Miyazaki et al.  indicated that the fibrillar pattern is caused by an oblique arrangement of melanin pigment in the slanting cornified layer. The slanting is considered to be produced by mechanical pressure from body weight. Of note, even in the fibrillar pattern, the nest of nevus cells is mainly located in the crista profunda limitans, as they are in the parallel furrow pattern. Therefore, the fibrillar pattern can be regarded as an artifactual expression of the parallel furrow pattern. These are the reasons for considering the parallel furrow pattern as the prototype of major dermatoscopic patterns seen in acral nevi. In fact, the three major dermatoscopic patterns seen in acral nevi, namely the parallel furrow, latticelike and the fibrillar patterns, are essentially the same and are not related to the age of the patients but to the anatomic sites.
Our personal experience with acral melanocytic nevi, based on daily clinical practice, concurs that the double dotted line or crista dotted variants are observed more commonly in younger patients. In contrast, the single line variants are more frequent in older individuals. Therefore, it is important to consider the age-related prevalence of the several parallel furrow pattern variants in acral melanocytic nevi.
Altamura et al.  reported their follow-up data of dermatoscopic patterns of acral nevi. In their study, they defined any change from a given benign pattern at baseline into a different pattern at the follow-up visit as substantial variation. A total of 230 acquired acral melanocytic nevi were followed-up digitally for 6, 12, 18 and 24 months. Dermatoscopic changes over time were observed in 42 of the 230 acral nevi (18.3%), and the frequency of change increased linearly over time. Minimal variations in the parallel furrow pattern were the most common dermatoscopic changes over time (seen in 10 of the changing 42 nevi, 24%). They also reported that one case changed over time from single solid line pattern to a double solid line variant, however, the authors did not provide a detailed description of these minimal changes, and it is not clear if some cases changed over time from a double to single pattern.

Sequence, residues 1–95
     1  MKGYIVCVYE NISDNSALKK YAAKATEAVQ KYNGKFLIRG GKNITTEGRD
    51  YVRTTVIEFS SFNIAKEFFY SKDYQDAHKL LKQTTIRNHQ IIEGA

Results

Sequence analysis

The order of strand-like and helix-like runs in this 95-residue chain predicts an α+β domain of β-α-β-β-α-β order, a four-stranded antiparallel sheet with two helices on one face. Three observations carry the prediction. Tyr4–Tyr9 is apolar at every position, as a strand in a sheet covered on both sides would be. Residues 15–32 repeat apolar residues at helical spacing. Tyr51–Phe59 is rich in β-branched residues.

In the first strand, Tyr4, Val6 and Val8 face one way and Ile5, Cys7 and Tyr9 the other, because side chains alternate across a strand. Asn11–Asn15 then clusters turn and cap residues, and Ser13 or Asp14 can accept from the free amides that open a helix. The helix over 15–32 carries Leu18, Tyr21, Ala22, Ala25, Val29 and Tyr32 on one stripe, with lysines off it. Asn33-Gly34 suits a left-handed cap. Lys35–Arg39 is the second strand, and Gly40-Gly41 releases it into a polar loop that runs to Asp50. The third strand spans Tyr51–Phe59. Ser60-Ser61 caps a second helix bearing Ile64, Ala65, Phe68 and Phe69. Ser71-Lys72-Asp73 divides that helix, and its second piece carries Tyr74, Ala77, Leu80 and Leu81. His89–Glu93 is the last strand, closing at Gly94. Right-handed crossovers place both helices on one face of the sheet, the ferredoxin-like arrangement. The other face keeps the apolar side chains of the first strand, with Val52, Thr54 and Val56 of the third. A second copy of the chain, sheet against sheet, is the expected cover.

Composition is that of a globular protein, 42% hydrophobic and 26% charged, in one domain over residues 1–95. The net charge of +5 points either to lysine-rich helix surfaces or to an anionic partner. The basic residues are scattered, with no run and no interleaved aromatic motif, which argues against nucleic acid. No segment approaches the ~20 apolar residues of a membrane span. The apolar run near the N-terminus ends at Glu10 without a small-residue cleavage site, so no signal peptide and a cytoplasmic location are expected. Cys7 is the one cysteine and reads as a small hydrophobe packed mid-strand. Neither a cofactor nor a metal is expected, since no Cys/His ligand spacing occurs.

The observations in this study raise further interesting questions regarding nevi evolution and age-related changes in histopathological findings in acral nevi. Understanding age-related patterns of acral nevi could perhaps lead to better evaluation of dermatoscopic structures and should be helpful in the differential diagnosis from melanoma.
Based on the data of Zalaudek et al.  and results of the present study, we conclude that the double line and the crista dotted acral patterns correspond to globular nevi seen on non-acral skin and that the single line acral pattern is equivalent to reticular nevi seen on non-acral skin. The double line variant of the parallel furrow pattern and crista dotted pattern seem to correspond to the congenital type nevi, similar to the suggestion of Zalaudek et al. that the globular nevi correspond to congenital type nevi.
The limitations of the present study are the relatively small sample size, single medical center based study, single ethnicity, referral bias in the data set, cross-sectional and retrospective designs.
In conclusion, the double line variants of the parallel furrow pattern and crista dotted pattern, which probably correspond to the congenital type acral nevus, tend to be more common in young patients.